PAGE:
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[in-bound] /ˈɪnˈbaʊnd/
inward bound:
inbound ships.
Origin of inbound
First recorded in 1890-95; in-1 + -bound2 Unabridged
Based on the Random House Dictionary, © Random House, Inc. 2018.
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Examples from the Web for inbound
Contemporary Examples
Historical Examples
  • He reassured her, remembering his inbound trip five years ago.

    The Colors of Space Marion Zimmer Bradley
  • One was located to catch the inbound from the west; the other, those from the east.

    The Preacher of Cedar Mountain Ernest Thompson Seton
  • I am sending this via the Rotterdam, inbound, and our office will forward it to you.

    T. Haviland Hicks Senior J. Raymond Elderdice
  • Obviously they spent their lives in meeting notorieties on inbound steamers, and made naught of it.

    Your United States Arnold Bennett
  • At the thirty thousand-foot level they passed an inbound Oriental & Western liner, bringing the night mail from China.

    The Golden Amazons of Venus John Murray Reynolds
  • The sudden appearance of an inbound steamer out of a haze that had arisen to the east necessitated immediate full speed.

    The Wreck of the Titan Morgan Robertson
  • This abandonment sometimes aroused the wrath of the passengers on the inbound convoy.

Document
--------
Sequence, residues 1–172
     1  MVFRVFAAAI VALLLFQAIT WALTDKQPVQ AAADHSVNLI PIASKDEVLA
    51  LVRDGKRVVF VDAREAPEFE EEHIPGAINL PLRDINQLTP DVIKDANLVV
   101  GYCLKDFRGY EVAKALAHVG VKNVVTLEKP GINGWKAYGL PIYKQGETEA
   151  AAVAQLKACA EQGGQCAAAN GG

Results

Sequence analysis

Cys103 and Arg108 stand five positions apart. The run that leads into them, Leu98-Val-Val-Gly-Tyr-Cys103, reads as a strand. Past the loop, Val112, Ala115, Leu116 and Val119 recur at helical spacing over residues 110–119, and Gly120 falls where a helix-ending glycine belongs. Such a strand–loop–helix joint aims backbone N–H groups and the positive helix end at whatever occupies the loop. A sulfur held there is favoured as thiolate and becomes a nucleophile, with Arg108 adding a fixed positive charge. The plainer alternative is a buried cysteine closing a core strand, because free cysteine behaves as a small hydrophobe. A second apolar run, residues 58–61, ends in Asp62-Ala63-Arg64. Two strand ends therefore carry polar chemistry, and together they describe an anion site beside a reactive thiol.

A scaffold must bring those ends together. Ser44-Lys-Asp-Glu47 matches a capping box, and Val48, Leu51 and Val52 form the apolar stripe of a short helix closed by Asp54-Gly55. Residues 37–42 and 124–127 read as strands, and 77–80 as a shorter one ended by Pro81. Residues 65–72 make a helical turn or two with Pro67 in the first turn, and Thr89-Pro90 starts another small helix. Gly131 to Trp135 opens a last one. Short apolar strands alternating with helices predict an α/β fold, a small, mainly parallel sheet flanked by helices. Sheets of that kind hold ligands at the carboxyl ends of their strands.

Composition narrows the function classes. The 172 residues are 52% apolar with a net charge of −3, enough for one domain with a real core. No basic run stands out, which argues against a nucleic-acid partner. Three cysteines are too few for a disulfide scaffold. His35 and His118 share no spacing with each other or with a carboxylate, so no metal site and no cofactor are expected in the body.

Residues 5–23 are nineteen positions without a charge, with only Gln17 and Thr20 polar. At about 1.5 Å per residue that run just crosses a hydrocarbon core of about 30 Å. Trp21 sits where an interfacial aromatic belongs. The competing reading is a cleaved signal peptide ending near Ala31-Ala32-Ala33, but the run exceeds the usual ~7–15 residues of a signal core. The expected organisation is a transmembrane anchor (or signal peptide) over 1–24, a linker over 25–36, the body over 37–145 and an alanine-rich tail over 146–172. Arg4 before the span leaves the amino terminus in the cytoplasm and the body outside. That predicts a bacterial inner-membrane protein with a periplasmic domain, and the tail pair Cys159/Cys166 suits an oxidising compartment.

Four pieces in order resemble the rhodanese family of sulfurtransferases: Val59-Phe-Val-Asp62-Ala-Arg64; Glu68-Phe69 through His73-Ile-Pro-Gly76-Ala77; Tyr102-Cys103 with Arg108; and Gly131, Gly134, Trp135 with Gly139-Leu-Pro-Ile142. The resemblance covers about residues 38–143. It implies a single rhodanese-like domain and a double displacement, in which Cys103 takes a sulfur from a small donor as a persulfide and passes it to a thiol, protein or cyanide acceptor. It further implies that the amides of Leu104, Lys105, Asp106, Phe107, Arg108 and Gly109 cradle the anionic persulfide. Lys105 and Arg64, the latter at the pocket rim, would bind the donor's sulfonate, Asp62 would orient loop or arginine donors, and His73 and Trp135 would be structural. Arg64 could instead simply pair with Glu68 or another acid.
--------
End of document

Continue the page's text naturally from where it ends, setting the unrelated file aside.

The Victory At Sea William Sowden Sims
  • We were one of a group of American destroyers convoying a fleet of inbound British merchant steamers.

    The U-boat hunters

    James B. Connolly
  • The California and the Stockholm, with passengers on board and inbound, were delayed by the storm and will reach port to-day.

    News Writing M. Lyle Spencer
British Dictionary definitions for inbound


coming in; inward bound: an inbound ship
Collins English Dictionary - Complete & Unabridged 2012 Digital Edition
© William Collins Sons & Co. Ltd. 1979, 1986 © HarperCollins
Publishers 1998, 2000, 2003, 2005, 2006, 2007, 2009, 2012
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Word Origin and History for inbound

1857, "homeward," from in + bound (adj.2). Originally of ships.

Online Etymology Dictionary, © 2010 Douglas Harper
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